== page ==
The U.S. Department of Agriculture seems to be speaking out of both sides of its mouth these days. According to recent reports, the USDA warns us of the dangers of obesity on the one hand while promoting increased consumption of dairy products, primarily cheese, on the other.
The government has long been warning consumers of the dangers of obesity and the role of saturated fats in helping the obese get there. The message seemed to be getting through as many Americans moved to low fat milk and products made from it which has resulted in surplus supplies of whole milk and milk fat products. Companies that rely on those products, such as some pizza chains and other food purveyors, have seen a decline in sales. Not to worry, the government can help with that also.
Dairy Management, Inc., created by the USDA, was formed to promote dairy consumption and it has been hard at work. Cheese is one of its darling projects as one can see by looking at its efforts in helping Domino’s Pizza with its heap on the cheese campaign. Dairy Management helped Domino’s develop a pizza with 40 percent more cheese and then created and paid for a 12 million dollar campaign to promote it. This, along with other efforts, have led to a three fold increase in cheese consumption over that of 40 years ago.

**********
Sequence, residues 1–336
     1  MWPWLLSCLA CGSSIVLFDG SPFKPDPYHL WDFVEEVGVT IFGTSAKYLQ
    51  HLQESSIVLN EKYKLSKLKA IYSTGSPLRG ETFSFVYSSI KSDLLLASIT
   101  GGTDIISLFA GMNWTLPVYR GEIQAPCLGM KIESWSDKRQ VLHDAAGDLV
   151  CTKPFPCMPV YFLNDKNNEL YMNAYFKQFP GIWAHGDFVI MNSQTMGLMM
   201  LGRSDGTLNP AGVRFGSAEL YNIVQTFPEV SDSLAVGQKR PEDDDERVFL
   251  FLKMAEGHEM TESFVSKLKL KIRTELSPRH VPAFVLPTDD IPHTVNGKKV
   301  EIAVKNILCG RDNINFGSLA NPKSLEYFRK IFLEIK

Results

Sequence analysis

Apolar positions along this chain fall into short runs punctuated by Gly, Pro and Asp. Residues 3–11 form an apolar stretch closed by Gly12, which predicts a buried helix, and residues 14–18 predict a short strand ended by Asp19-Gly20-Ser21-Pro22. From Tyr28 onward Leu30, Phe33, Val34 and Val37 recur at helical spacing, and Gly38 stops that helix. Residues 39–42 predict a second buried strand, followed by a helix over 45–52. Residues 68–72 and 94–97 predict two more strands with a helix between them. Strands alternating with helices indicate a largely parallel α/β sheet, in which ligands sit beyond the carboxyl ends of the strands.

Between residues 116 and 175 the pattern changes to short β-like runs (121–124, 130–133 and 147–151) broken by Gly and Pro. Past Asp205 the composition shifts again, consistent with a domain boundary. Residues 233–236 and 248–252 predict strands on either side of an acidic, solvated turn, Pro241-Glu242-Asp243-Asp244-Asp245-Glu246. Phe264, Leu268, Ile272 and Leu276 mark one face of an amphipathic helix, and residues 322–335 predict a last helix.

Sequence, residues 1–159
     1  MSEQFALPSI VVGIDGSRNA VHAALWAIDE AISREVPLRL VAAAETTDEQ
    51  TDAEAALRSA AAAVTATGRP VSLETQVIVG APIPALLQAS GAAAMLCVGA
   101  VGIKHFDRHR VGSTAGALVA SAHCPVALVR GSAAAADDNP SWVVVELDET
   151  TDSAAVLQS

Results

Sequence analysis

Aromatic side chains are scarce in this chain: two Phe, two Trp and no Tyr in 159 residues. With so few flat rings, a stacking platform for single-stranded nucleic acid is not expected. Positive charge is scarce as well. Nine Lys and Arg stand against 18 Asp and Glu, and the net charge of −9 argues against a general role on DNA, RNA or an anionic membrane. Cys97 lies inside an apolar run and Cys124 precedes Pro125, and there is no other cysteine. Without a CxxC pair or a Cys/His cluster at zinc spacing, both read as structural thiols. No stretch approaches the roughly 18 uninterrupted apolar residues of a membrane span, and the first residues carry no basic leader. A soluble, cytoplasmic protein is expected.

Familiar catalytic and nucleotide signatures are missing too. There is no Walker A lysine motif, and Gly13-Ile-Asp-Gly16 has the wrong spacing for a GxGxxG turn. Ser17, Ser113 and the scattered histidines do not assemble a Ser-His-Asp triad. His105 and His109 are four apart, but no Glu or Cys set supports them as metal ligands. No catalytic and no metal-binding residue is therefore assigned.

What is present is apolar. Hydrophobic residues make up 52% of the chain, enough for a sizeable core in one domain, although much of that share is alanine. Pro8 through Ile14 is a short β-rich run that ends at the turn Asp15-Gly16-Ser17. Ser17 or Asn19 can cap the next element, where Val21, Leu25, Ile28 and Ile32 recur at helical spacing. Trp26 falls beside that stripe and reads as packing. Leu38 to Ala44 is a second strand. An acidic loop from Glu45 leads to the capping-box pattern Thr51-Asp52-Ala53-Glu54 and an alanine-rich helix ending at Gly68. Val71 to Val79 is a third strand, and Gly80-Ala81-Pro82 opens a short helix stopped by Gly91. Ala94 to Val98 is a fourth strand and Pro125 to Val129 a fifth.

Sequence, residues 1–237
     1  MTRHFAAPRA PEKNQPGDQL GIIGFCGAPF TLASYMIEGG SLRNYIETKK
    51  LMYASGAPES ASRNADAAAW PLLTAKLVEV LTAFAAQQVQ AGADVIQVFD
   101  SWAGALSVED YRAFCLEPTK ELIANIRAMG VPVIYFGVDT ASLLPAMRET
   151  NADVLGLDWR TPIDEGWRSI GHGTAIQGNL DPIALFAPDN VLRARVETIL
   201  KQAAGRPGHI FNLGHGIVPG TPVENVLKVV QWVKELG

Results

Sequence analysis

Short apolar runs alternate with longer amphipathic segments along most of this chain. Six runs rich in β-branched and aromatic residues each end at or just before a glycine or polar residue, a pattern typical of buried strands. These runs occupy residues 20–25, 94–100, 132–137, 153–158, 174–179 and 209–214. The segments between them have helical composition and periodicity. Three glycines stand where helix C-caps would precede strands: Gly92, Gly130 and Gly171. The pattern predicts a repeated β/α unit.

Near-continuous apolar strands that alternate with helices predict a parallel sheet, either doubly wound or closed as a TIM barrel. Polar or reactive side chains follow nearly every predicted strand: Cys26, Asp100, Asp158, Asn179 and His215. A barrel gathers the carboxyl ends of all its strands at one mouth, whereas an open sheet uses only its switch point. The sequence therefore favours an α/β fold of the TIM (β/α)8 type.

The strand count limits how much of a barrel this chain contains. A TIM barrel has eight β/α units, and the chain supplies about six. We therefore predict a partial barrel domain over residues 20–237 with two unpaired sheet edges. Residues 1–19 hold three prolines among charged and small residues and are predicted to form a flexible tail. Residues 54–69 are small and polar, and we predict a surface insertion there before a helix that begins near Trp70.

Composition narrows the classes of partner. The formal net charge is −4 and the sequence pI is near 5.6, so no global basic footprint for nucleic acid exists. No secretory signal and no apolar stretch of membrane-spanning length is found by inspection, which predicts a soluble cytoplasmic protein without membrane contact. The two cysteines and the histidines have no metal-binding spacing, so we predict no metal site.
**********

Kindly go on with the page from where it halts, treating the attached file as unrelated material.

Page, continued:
Dairy Management is funded for the most part through an excise fee imposed on dairy producers by the government. It also receives direct funding from the USDA and that agency, in turn, signs off on much of its work and places people on its board of directors. So how does the USDA reconcile this conflict of interest? By all accounts, it does not even attempt such a reconciliation. What does that mean for us? It means that we should view all advertising and promotion with a critical eye and follow the cardinal rule of consumption – moderation in all things.
Bret Hanna of Wrona DuBois in Utah, focuses exclusively on litigating plaintiffs’ medical malpractice and catastrophic personal injury cases. He has represented clients in state and federal courts, in mediations, and in administrative proceedings in Michigan and Utah since 1991.